When the tumult began again—almost delirium this time—David Everett appeared from the wings, white, stricken, overwhelmed by the suddenness with which the prize had been snatched beyond his reach, driven out upon the stage by the State Committee like a whipped cur forced to perform his little trick in public. He began to speak, but the delegates did not listen—they knew what he was saying, and were cheering him. Not all of it was enthusiasm for General Waymouth; men instantly realized that a nasty split in the party had been bridged; men felt that in this new candidate both factions had the ownership that puts one “in right.” A united party could now march to the polls.
The nomination was by acclamation!
They came to General Waymouth, where he stood patiently at the door of his room—the committee appointed to escort him before the convention. He signalled for them to precede him—his hand was inside the arm of Harlan Thornton, and he did not withdraw it even to shake the eager hands that were outstretched. He walked upon the stage with the young man, and, still holding his arm, faced the hurricane of enthusiasm until it had blown itself out.
It was a breathless hush in which he spoke.
“Our party, in State Convention assembled, has to-day declared for honesty.” They did not exactly understand, but they gave voice like hounds unleashed. That sentiment complimented them. “I pledge the last strength of my old age to the task you have imposed upon me. Give me your pledge, man to man, in return. Shall it be for all of us: honesty in principle and unswerving obedience to every party profession we make? I await your ’Yes’!”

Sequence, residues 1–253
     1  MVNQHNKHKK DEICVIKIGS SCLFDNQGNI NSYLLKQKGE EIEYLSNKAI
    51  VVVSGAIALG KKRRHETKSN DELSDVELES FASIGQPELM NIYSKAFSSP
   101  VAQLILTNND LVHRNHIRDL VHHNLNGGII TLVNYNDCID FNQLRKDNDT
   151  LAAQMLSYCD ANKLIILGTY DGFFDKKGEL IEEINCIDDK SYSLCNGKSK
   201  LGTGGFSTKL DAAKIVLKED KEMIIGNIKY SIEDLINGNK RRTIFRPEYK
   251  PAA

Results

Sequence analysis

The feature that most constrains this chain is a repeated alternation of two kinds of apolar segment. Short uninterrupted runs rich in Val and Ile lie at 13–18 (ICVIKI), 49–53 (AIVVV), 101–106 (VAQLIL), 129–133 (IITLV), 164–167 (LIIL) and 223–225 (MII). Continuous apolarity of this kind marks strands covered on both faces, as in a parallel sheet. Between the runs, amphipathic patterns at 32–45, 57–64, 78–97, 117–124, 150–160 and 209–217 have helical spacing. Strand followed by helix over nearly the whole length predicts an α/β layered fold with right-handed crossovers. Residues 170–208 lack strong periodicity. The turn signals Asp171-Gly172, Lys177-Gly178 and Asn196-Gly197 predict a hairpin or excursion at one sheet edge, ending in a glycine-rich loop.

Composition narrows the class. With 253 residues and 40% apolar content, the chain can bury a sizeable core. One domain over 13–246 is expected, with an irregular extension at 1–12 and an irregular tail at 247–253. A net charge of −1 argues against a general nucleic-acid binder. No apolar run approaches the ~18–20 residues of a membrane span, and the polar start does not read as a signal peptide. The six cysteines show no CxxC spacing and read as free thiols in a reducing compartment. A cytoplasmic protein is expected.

It came like a thunderclap—two thousand voices shouting it.
He stood there, his hand upraised, waiting again until the hush was upon them once more. They were ready for the usual speech of acceptance. But he said simply this:
“I accept the trust!”
He put his hand behind Harlan’s guarding elbow and retired.
“A carriage at once, Mr. Thornton,” he directed. “I must save myself for performance, not parade.”
They were away before even the eager platform notables could intercept them. The cheering was still going on when the carriage started. From the open windows of the hall the riot of the convention—voices and music—pursued them until the racket of the busy street drowned it out.
“At the present moment, Mr. Thornton, it is not likely that the Republican State Committee is in a mood for poetry,” remarked General Waymouth. Gayety that was a bit wistful had succeeded his sombre earnestness.
“But something in the sentiment of this old song might appeal to them while they are thinking of me just now:
“’The mother may forget the child
That smiles so sweetly on her knee;
But I’ll remember thee, Glencairn,
And all that thou hast done to me.’”